“Our team at U-Vet Animal Hospital wanted to understand if consuming raw chicken could also be triggering APN in dogs. Many of our team have previously worked overseas and know that a raw meat diet is less common there, so were intrigued by this potential connection,” Dr le Chevoir said.
Dr Matthias le Chevoir, Head of Neurology (Acting) at U-Vet Werribee Animal Hospital
The team studied 27 dogs with symptoms of APN and 47 dogs without, examining physical symptoms and interviewing the owners about recent behaviours and diet; focusing on the consumption of raw chicken meat.
The study’s lead author Dr Lorena Martinez-Anton said that when they examined faecal samples collected within seven days of the symptoms of APN appearing, they were 9.4 times more likely to have had a Campylobacter infection than the control group without APN.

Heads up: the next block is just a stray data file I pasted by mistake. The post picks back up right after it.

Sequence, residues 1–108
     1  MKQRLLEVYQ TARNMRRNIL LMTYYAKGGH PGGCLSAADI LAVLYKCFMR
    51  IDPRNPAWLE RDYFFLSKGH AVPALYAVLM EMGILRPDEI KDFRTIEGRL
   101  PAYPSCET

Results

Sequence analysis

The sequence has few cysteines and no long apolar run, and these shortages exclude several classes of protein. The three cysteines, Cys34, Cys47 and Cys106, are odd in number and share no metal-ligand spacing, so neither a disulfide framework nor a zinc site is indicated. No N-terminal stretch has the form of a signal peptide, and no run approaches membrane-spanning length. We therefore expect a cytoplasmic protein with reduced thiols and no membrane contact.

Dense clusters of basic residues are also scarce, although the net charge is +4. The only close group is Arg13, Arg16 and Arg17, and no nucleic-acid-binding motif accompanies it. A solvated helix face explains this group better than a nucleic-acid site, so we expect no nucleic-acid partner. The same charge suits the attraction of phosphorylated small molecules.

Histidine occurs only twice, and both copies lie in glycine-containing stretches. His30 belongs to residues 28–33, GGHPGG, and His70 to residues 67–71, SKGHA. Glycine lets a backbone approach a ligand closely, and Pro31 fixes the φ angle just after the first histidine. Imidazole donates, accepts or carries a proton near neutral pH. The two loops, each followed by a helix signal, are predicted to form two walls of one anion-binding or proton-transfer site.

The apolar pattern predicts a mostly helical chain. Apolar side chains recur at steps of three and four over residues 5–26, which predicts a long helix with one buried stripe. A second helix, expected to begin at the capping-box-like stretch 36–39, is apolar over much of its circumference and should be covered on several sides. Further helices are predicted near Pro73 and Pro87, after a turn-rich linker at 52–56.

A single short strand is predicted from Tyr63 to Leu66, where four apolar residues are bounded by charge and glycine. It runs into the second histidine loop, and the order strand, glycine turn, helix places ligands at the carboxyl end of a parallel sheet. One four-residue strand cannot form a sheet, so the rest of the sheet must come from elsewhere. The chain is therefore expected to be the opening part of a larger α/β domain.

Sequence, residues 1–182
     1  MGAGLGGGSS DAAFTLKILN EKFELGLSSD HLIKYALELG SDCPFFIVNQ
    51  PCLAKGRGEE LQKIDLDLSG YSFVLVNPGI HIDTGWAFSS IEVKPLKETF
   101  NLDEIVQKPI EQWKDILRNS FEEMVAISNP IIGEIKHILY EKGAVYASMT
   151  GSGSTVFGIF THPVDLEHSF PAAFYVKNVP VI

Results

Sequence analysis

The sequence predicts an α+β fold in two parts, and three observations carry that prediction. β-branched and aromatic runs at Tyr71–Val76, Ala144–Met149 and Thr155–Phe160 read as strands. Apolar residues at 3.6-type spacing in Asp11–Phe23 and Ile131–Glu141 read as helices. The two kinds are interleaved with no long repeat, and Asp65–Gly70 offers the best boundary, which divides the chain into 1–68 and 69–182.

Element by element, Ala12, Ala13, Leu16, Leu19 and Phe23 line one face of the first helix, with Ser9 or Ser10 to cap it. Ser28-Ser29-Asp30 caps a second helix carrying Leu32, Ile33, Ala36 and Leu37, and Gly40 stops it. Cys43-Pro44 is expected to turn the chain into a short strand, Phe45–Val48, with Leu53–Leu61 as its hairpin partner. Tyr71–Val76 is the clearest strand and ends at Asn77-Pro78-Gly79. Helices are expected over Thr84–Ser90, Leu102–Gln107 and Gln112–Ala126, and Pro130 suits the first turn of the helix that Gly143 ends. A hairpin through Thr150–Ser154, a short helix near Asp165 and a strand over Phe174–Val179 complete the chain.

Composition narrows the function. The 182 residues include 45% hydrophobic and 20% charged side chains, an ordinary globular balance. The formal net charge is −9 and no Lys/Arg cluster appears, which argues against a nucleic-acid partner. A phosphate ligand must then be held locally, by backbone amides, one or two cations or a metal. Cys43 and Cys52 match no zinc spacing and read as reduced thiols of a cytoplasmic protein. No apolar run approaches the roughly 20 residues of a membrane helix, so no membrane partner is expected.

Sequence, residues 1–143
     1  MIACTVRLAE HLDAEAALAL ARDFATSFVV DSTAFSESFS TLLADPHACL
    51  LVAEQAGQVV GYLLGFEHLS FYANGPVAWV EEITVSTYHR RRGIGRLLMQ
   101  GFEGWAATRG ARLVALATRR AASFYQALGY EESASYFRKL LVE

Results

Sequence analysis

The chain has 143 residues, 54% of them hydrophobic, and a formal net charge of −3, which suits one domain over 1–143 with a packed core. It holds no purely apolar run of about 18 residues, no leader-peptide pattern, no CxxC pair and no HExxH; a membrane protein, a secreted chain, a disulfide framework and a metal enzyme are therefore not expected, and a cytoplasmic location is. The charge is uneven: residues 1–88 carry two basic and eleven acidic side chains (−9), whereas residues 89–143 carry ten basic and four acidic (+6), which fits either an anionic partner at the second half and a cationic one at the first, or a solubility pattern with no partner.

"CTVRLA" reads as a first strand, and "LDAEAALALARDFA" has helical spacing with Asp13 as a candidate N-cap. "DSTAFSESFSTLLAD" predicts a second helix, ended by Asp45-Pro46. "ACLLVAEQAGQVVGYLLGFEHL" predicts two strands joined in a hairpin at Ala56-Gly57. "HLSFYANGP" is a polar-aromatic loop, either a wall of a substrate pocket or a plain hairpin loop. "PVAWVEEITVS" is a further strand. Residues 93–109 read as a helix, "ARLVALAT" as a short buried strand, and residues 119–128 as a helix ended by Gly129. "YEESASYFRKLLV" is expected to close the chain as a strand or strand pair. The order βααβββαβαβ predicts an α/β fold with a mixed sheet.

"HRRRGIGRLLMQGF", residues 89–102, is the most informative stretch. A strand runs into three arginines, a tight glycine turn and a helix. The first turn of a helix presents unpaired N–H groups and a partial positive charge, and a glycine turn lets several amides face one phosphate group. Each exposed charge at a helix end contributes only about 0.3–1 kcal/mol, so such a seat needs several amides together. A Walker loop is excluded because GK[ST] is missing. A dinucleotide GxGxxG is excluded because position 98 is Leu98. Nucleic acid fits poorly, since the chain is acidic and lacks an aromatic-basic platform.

“We predict that the microbe Campylobacter is likely to be the reason for the dysregulation of the dog’s immunity and therefore, the symptoms of paralysis,” Dr Martinez-Anton said.
“These bacteriological results were consistent with the hypothesis that the uncooked chicken meat was the source of the Campylobacter and as a result, triggered APN.
“We find smaller dog breeds are fed more chicken necks as they can’t eat larger bones.
In humans, it is proposed that the Campylobacter bacteria, which is commonly isolated from commercial poultry products, contains molecules similar in structure to part of the nerve cell. This
similarity confuses the immune system which attacks the body’s own nerves, resulting in paralysis.
Drs Martinez and le Chevoir said the fact that raw meat consumption could trigger such dramatic disease is concerning as there currently appears to be a growing trend for feeding dogs raw meat diets.